1. I’m not sure whether my comment yesterday ever made it. Where you struggled on 8th February to find an authentic voice in your latest you have a voice, a passion and a cause. What follows is an inspiration.

    Looking from the outside, I see a generation of children many of whom put herculean effort into the passing of tests, prelims, exams and university degrees. Many are an inspiration to a generation such as ours where, (and I speak autobiographically), both school and university were somehow negotiated with the expenditure of the least possible exertion and effort on my part. I have to say that my impression is that it is the female students who try the hardest. And then there is a rump – an increasing rump – of those who see the whole process of testing, testing and perpetual re-testing from Primary School onwards as something that disengages them from education altogether. They are the ones who disrupt education for the rest, and who seem (but all is not as it seems) impossible to engage and inspire.

    Beyond that simple characterisation, though, is the effect of the continual pressure to do well, to succeed, to excel on children. For although the intent might once have been to measure the performance of schools by setting targets, the effect is the pressuring of children to achieve so that schools do not lose their precious standing in league tables. No longer is the purpose of education to inform, inspire, or even to lay a certain amount of groundwork. Now, the purpose of education has become defined in a somewhat circular manner by the numbers of children achieveing a C-grade pass (or whatever) in a certain number of subjects. I am sure that there are good teachers struggling with the conflict between doing what is best for the child and doing what is best for the school. What is best for the school will always win out – that is what payment by results ensures.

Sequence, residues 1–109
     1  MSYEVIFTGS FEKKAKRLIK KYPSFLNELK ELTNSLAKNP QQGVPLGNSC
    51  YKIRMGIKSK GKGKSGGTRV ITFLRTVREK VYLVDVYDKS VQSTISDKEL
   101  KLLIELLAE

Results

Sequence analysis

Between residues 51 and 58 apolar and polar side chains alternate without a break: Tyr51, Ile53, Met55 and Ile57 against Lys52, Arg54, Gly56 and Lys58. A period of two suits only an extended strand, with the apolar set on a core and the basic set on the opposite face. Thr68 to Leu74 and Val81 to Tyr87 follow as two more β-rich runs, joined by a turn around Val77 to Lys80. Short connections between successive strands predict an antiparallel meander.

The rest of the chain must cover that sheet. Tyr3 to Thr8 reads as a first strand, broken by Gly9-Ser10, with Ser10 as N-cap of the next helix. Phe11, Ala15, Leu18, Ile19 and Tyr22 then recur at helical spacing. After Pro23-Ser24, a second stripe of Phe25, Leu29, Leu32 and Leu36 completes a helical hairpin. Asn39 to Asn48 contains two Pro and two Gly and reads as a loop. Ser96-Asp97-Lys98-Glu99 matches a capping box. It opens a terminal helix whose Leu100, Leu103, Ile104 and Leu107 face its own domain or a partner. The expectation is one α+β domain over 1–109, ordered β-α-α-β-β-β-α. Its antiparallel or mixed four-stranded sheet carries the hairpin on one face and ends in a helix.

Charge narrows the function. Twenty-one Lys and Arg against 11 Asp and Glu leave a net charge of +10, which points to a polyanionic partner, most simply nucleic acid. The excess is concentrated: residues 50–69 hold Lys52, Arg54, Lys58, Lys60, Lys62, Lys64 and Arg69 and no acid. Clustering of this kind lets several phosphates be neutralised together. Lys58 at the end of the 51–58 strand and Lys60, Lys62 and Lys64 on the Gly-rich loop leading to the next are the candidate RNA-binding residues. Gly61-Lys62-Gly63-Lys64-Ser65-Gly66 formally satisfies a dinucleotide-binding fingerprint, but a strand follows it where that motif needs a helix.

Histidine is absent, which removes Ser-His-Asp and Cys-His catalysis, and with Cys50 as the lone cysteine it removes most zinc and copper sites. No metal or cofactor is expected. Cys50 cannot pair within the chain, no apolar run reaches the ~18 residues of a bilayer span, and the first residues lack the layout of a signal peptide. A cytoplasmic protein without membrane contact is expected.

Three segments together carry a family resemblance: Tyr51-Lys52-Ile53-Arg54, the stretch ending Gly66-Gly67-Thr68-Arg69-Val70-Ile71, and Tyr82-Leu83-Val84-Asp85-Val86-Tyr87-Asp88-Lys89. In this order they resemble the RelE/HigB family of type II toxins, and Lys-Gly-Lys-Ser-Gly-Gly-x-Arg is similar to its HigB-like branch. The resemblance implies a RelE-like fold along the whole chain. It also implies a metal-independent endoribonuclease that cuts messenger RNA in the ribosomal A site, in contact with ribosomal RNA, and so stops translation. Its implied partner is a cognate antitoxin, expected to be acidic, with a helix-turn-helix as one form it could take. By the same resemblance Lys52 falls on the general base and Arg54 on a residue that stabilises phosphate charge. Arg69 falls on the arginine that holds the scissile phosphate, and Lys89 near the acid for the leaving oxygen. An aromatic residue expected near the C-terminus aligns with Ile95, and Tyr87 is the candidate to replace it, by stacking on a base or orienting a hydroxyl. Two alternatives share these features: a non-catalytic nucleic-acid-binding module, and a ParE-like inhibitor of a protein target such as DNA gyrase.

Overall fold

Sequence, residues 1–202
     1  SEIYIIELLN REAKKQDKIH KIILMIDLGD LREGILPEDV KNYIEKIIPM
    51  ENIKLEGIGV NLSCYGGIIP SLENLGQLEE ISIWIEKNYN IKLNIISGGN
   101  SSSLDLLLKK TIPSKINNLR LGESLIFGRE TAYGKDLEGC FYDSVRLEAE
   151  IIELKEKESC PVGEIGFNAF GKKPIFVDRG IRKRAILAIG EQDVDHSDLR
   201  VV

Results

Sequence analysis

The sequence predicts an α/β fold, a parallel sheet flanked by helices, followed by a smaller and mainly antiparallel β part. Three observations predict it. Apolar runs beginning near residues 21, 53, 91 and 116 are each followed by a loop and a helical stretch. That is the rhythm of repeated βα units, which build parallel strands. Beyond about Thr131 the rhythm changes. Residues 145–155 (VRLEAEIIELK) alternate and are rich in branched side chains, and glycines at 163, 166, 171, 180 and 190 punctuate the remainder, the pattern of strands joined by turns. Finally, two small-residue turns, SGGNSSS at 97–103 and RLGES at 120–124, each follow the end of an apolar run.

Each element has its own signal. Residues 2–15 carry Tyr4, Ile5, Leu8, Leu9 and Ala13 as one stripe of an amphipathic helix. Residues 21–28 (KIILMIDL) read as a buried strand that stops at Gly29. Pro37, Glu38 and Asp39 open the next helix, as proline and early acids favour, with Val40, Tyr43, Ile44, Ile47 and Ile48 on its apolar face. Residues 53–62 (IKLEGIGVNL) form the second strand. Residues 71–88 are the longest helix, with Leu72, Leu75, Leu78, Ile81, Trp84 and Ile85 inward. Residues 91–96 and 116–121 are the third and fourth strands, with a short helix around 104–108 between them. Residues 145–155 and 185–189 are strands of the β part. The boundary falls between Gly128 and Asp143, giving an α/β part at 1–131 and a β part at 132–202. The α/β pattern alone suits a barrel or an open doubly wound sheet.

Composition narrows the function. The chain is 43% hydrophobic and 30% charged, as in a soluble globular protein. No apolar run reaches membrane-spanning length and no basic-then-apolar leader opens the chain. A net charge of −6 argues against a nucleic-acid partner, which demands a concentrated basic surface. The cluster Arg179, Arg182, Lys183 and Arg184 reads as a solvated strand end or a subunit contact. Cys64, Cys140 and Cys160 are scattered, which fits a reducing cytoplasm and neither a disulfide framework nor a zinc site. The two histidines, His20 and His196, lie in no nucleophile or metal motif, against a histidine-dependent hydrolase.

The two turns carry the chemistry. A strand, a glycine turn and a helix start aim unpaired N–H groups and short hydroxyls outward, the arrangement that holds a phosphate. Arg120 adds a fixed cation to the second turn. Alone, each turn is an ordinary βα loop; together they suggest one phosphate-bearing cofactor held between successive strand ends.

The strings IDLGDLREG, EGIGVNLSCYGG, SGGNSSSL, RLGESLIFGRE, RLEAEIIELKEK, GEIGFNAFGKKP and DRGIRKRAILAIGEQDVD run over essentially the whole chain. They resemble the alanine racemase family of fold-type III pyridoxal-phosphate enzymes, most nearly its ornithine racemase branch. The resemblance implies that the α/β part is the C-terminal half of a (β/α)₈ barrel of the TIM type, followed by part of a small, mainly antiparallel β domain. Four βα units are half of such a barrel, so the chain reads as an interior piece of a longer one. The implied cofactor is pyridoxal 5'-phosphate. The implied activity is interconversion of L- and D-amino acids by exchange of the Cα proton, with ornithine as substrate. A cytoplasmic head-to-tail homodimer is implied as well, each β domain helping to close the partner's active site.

When a 14-year-old autistic boy can see that sometimes we have to stop learning to allow the space for the development of the person and the maturing of the inquisitive mind, I wonder why we are so intent on killing the spirit of enquiry by treating pupils as though they are some species of goose – bred to be force-fed for the production of Foi Gras.

    What league tables and box-ticking have brought us, then, is a system where we talk of “Sink Schools”and “Excellence”, of success (and more money) or failure (ultimately meaning closure). Where we laud fee-paying schools with their charitable status and easy pathway into positions of power, whilst denigrating public education. Where a new breed of “Academy” is foisted upon us and then, because the cost is deemed to great, slated to be sold off to the private sector. Where we know “The price of everything and the value of nothing”.

    What can the individual do? I am not sure but would quote two people. The anthropologist Margaret Mead – “Coming of Age in Samoa” – who said:

    “Never doubt that a small group of thoughtful, committed, citizens can change the world. Indeed, it is the only thing that ever has.” She also said (inter alia):

    “My grandmother wanted me to have an education – so she kept me out of school” and “The young, free to act on their initiative, can lead their elders in the direction of the unknown… The children, the young, must ask the questions that we would never think to ask, but enough trust must be re-established so that the elders will be permitted to work with them on the answers.”

    My second quotable person (and the quote) are better known:

    “Be the change that you wish to see in the world”. Mahatma Gandhi.

    Somehow, it is down to us, as a generation, to reconnect with what is meant by education, to permit children the space to explore and to think without that exploration and thinking being entirely predicated on passing the next examination or test. Not to buy into the false prophets who believe (in the face of all the evidence) that measuring and controlling processes can ensure good outcomes. And where there are those who can genuinely inspire, to give them the space and authority to give our children the wings that they will need in order to develop fully and in turn to inspire their own children. And keep up the blog. Please.